Junior doctors at the Sunshine Hospital have launched legal action amid claims they are working beyond exhaustion, underpaid and not given mandatory clinical training – issues they say are putting patients at risk.

The fresh claims of exploitation among trainee doctors have prompted the Australian Medical Association’s Victorian branch to pursue action against Western Health, which operates Sunshine and Footscray hospitals, through the Fair Work Commission.

Doctors at the health service have said they can work about 60 hours a week, often clocking up 40 hours of overtime on top of their rostered 86 hours a fortnight, and have been rarely allocated time to attend clinical training.

The AMA alleges Sunshine Hospital is in breach of its legal obligations.

The case focuses on claims registrars were not being given the 10 hours of clinical training a fortnight mandated under their medical enterprise agreement.

Under the medical enterprise agreement, registrars at Sunshine Hospital are rostered to work 86 hours per fortnight, 10 of which must be set aside for medical training.

One junior doctor, who was part of the initial claim and spoke to

The Age on the condition of anonymity, described a toxic and intimidating culture in which trainees were pressured to fudge their overtime hours.

“Not being able to receive critical training is symbolic of a hospital where a workload is out of control and you’re staying back just to make sure patients are safe,” the doctor said. “But they often question why you can’t get everything done in your shift and blame you for it. It makes you feel powerless, embarrassed and frustrated.”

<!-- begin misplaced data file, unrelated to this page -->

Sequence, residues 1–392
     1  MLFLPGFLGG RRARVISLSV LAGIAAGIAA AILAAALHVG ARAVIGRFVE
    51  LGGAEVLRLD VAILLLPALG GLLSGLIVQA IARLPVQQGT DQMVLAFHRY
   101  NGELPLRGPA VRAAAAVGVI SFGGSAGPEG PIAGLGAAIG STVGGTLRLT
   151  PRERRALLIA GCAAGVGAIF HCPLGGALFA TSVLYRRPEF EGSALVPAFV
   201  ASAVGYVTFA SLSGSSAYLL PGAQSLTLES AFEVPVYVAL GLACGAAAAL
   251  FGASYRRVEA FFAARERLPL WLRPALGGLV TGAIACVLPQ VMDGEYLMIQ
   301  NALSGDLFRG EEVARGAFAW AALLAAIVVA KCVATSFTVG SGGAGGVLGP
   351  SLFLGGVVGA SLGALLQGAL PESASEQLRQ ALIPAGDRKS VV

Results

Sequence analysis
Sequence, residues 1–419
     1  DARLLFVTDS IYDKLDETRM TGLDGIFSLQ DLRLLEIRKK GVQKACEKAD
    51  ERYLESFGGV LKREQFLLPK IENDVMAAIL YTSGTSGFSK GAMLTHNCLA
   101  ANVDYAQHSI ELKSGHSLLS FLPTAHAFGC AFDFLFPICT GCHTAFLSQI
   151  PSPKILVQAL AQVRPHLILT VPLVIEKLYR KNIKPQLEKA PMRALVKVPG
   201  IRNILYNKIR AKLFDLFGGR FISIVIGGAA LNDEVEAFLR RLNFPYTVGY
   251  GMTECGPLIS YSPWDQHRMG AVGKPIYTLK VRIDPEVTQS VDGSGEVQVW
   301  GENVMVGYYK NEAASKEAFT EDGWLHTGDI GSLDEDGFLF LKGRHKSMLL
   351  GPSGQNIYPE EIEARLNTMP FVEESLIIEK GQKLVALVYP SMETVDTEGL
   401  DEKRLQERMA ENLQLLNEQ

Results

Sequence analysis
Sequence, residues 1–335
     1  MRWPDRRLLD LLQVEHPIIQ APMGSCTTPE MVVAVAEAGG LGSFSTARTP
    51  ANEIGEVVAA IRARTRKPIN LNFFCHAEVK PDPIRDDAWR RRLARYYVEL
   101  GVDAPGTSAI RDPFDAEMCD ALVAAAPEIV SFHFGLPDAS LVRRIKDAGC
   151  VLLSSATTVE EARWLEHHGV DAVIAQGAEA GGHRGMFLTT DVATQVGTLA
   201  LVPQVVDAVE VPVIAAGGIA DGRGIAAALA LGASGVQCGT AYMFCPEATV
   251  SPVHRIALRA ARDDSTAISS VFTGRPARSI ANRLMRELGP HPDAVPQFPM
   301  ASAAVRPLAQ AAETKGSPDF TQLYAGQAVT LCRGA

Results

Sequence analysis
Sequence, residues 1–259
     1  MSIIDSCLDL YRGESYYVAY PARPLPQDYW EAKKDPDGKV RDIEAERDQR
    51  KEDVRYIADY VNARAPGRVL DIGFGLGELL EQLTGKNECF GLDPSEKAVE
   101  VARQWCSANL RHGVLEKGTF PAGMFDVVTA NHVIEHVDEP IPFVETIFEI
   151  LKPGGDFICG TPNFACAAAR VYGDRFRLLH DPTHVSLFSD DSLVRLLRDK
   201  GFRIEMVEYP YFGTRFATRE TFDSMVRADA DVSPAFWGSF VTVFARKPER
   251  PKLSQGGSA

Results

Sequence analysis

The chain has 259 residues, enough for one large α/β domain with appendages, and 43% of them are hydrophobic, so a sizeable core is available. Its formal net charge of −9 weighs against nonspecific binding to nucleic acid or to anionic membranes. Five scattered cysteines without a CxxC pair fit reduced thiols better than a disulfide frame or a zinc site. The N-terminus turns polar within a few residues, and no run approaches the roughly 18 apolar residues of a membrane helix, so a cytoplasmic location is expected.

She described instances where it was not uncommon to see junior doctors crying in the residential quarters “because they felt so overstretched, overworked and that they weren’t doing their job well enough”.

The doctor said some of her colleagues were medicated for anxiety and depression.

Western Health chief medical officer Dr Paul Eleftheriou said the health service had recently changed work practices to reduce the workload on junior doctors and ensure access to training.

“This includes improved rostered access to training time and the introduction of a new training time guideline following consultation with medical staff, as well as improved processes for claiming overtime hours,” he said.

Dr Eleftheriou stressed that the ongoing Fair Work Commission negotiations dealt with conditions prior to reforms at the hospital.

 

The Age